New Motorola Photon Q Aims to Woo Business Users This Fall
The business smartphone market hasn't seen much in the way of targeted product lines in the last few years, with consumer devices like the iPhone and iPad making corporate inroads as the bring-your-own-device (BYOD) trend gains steam. Old standbys like the BlackBerry have been largely phased out, but now Motorola hopes to give business users something to call their own, once again, in the form of the Motorola Photon Q, due out in the latter part of 2012. But can this smartphone really make an impact for IT and company use?
Sprint Nextel will sell the new Motorola Photon Q according to CEO Dan Hesse. If their Q2 losses--reported by a recent CNET article--are any indication, they need something to perk up the numbers. Despite selling 1.5 million iPhones, high subsidies on the devices along with its Nextel shutdown and a network transformation to support their new 4G network, the company has posted a $1.37 billion loss and will likely have a few more quarters in the red before things turn around. Ideally, the Photon Q is part of that plan.
It was Hesse, not Motorola itself, who broke the news of the business smartphone's arrival, and he also talked up the company's other smartphone offerings, like the Galaxy S3 and HTC Evo. As a distant third in the U.S. carrier market, Sprint Nextel has a long road ahead if they want to stay competitive, and they appear to be banking on Motorola's newest release.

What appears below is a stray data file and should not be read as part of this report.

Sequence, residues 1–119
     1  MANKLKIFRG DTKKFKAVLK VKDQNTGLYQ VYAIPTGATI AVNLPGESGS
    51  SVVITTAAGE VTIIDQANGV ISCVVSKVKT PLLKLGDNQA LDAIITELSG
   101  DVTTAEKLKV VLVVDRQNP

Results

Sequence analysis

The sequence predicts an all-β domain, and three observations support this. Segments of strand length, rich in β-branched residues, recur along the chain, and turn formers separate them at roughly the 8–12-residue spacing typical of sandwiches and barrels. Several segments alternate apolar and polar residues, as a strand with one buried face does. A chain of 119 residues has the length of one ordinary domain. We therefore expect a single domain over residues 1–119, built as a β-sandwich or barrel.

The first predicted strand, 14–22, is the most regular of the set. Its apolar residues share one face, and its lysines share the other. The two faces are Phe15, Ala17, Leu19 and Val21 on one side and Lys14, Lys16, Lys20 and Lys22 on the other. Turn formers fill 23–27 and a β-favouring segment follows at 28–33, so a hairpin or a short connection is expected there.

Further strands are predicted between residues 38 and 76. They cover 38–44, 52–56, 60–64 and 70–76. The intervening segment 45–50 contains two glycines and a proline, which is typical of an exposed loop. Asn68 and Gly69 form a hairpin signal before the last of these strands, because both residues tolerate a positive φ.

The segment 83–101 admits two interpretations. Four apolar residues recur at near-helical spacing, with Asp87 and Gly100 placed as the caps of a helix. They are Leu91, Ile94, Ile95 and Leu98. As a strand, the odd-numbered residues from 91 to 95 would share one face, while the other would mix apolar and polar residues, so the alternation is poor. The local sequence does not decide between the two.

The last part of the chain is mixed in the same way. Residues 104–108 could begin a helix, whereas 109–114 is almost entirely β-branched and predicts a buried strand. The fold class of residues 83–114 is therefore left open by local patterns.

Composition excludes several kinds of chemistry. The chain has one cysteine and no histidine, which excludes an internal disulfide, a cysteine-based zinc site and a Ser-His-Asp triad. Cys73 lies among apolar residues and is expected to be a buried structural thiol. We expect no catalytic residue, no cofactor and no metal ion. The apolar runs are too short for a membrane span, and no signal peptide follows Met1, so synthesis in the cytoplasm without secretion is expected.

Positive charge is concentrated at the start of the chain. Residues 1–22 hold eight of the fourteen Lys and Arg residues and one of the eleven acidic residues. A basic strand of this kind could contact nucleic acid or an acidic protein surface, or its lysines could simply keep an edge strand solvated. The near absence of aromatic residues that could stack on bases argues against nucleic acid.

For midsize IT pros, carriers aren't so much the issue as phone function; a lack of true business-class phones and the BYOD trend have conspired to make the mobile market a headache for admins trying to establish consistent company policies about access and app use across various device types. But does the new Motorola really offer anything different?
According to an article at Slashgear, the new Motorola Photon Q will take the slide-out keyboard route rather that the now-common candybar touchscreen. Although not typical in the market in the last few years, slide-out keyboards were often preferred by business users for their tactile feel and more direct response as opposed to more nebulous typing on a touchscreen.
There's little else that's been confirmed about the phone, but rumor says it will come with 4.3-inch screen and have on-screen navigation buttons rather than Motorola's standard physical inputs. As for operating system the likely candidate is Android 4.0 Ice Cream Sandwich. But if Google cracks the whip, Jelly Bean might squeeze its way into the Photon Q. The five-row keyboard included will likely make this a hefty mobile device, but that's not always a bad thing in the world of slick, glass screen iPhones and lightweight consumer products.
The phone is being targeted to business users, but aside from the keyboard slide-out, there's little concrete that's been announced to woo midsize IT pros and corporate users. If the device includes features for virtual environment division, easy email, and document sharing and comes with a business-focused 4G plan, it may be something worth looking into for a company-wide rollout and might make the business of securing at least one smartphone niche simpler. Perhaps the return of business-class phones is at hand--but can keyboards and Ice Cream take the place of touchscreens and Apples?
This post was written as part of the IBM for Midsize Business program, which provides midsize businesses with the tools, expertise and solutions they need to become engines of a smarter planet. Like us on Facebook. Follow us on Twitter.